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Flashcards in Tarc: Neuro Imaging And Diagnostics Deck (44):
1

Clinical signs nd pathogenesis of hydrocephalus

- congential (more common dogs) or acquired
- domed head shape
- open fontanel
- diverging strabismus
- blindness with absent menace OU
- ataxia and v postural reactions
> on imaging
- thin cortex w/ greatly distended lateral ventricles

2

Best diagnostic modalities for diagnosing hydrocephalus?

- MRI
- CT
0 Ultrasound

3

Tx hydrocephalus?

> medical
- low dose GCs
- acetazolamide
- omeprazole
- mannitol (emergency)
> surgical
- ventriculoperitoneal shunt placement

4

What breeds hav ^ risk of hydrocephalus?

- toy breeds with brachycephalic skulls

5

How long after ventriculoperitoneal shunt sx are clinical signs likely to improve?

4 months

6

WHat proportion of animals are likely to develop shun complications following surgery for hydrocephalus?

25%~

7

What radiographic abnormalities indicate IVDD?

- ^ opactiy over intervertebral foramen
- mineralisation of intervertebral disks
- narrowed intervertebral disk space
- spondylosis

8

What is the intervertebral disk made up of?

- annulus fibrosus
- nucleus pulposus

9

What is the SC surrounded by?

Epidural fat

10

What 3 planes can CT/MRI be taken in?

- transverse
- median/sagittal
- dorsal

11

How can a cervical vertebrae e identified on MRI?

Only vertbrae to contain BVs

12

What are the 2 types of IVDD?

> type 1 (Hansen) EXTRUSION
- chondroid degeneration
- extrusion of degenerate nucleus
- acute -> spinal cord trauma (contusion and/or compression)
> type 2 (Hansen) PROTRUSION
- fibroid degeneration
- protrusion of hypertrophied annulus > chronic compression of SC
- may still present acutely

13

Tx IVDD?

> thoracolumbar spine: Hemilaminectomy
- removal of half the lamina, articular facet joint and pedicle allowing access to vertebral canal from a lateral approach
> cervical spine: Ventral slot
- slot burred though the centre of the disk and adjecent vertebral endplates to gain access to vertebral canal from ventral aproach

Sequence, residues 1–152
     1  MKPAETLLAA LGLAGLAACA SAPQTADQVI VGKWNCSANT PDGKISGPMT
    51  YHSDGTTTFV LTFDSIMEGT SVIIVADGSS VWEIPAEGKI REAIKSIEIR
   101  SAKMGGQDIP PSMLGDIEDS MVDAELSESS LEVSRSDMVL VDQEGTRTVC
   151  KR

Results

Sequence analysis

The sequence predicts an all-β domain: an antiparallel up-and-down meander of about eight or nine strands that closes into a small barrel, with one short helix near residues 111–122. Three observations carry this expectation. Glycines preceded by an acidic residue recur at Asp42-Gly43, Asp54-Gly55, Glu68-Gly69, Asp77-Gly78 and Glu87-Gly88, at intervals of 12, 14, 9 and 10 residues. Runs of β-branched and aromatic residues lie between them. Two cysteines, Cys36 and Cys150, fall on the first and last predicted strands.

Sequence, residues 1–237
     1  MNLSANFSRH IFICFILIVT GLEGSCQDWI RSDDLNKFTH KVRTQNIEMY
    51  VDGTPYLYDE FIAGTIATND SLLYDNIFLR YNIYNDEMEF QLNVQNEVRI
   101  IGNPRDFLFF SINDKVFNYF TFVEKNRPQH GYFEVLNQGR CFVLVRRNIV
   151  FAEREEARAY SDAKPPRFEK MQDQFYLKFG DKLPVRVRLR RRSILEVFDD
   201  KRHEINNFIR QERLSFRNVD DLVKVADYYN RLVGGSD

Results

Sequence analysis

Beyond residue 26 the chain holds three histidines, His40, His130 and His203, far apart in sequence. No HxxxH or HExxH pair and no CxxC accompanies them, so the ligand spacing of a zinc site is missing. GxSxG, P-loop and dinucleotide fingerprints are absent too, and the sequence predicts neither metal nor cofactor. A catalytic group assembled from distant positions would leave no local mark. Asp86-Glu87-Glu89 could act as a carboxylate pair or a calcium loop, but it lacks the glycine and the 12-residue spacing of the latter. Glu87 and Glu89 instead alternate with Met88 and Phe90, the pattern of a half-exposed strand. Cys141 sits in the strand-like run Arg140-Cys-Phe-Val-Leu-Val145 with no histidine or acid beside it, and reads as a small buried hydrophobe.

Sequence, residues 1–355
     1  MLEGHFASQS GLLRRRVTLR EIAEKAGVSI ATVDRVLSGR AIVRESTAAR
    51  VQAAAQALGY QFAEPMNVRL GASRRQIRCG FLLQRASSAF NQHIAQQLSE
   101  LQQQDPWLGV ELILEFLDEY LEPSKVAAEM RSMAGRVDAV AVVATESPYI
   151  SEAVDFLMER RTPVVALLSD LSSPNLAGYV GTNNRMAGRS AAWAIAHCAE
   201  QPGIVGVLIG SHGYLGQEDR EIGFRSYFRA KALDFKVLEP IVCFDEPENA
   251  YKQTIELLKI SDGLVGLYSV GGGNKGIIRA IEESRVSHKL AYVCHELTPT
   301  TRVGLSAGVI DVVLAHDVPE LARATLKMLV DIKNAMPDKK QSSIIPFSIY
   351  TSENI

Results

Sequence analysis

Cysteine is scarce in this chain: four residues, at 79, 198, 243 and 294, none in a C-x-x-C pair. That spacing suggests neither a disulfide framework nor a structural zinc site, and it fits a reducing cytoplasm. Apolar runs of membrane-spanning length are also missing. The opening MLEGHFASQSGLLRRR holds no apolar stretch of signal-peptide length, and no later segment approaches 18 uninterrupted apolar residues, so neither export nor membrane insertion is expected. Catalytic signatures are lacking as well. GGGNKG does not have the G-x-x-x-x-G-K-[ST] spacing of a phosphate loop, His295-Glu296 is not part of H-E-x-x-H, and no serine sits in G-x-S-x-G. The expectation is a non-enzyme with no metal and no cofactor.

14

Can radiographs dx disk disease?

No, but can indicate disk diseas
- myelography needed for dx

15

Where is the most common space for IVDD?

T13- L1

16

What is present above the disk hat -> asymetrical signs of IVDD?

longitudinal ligament along dorsal aspect of annulus fibrosus

17

WHERE IS CONTRAST INJECTED FOR A MYELOGRAM?

SUBARACHNOID SPACE

18

What is decision to go to surgery for IVDD based upon?

1. pain
2. progression
3. deep pain/neuro deficits severity

19

Ddx for a chronic progressive asymmetrical painful forebrain dz. What about if ^ cellularity (mononuclear cells) found on CSF tap

> Neoplastic
- supretentorial tumours cause pain d/t ^ICP
> infectious/inflam
with CSF findings > GME (magnitude and type of pleiocytosis will vary in this condition)

20

Histo findings associated with GME

- mononuclear inflammatory cells
- located perivascularly (around the BVs)
> macroscopically brownish lesions seen in the white matter (enlarged sie of brain w/ oedema and inflammatory focus)

21

What is SRMA?

- steroid responsive meningitis arteritis
(acute, progressive, symmetircal, painful)
- inflamamtory cells (mainly neutrophils) within meninges and around BVs and nerve roots
- young dogs commonly
- may be febrile
- usually neurologically normal
- cervical hyperaesthesia (+- spine)
- risk of haemorrhage into vertebral canal

22

What is GME?

- granulomatous meningioencephalitis